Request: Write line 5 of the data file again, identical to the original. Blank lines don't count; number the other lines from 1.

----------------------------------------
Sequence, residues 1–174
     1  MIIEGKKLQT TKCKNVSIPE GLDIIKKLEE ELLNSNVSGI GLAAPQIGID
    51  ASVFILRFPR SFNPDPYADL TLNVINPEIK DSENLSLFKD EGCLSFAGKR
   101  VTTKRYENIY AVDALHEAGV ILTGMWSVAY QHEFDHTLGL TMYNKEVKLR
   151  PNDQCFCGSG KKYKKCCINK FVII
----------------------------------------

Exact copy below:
   151  PNDQCFCGSG KKYKKCCINK FVII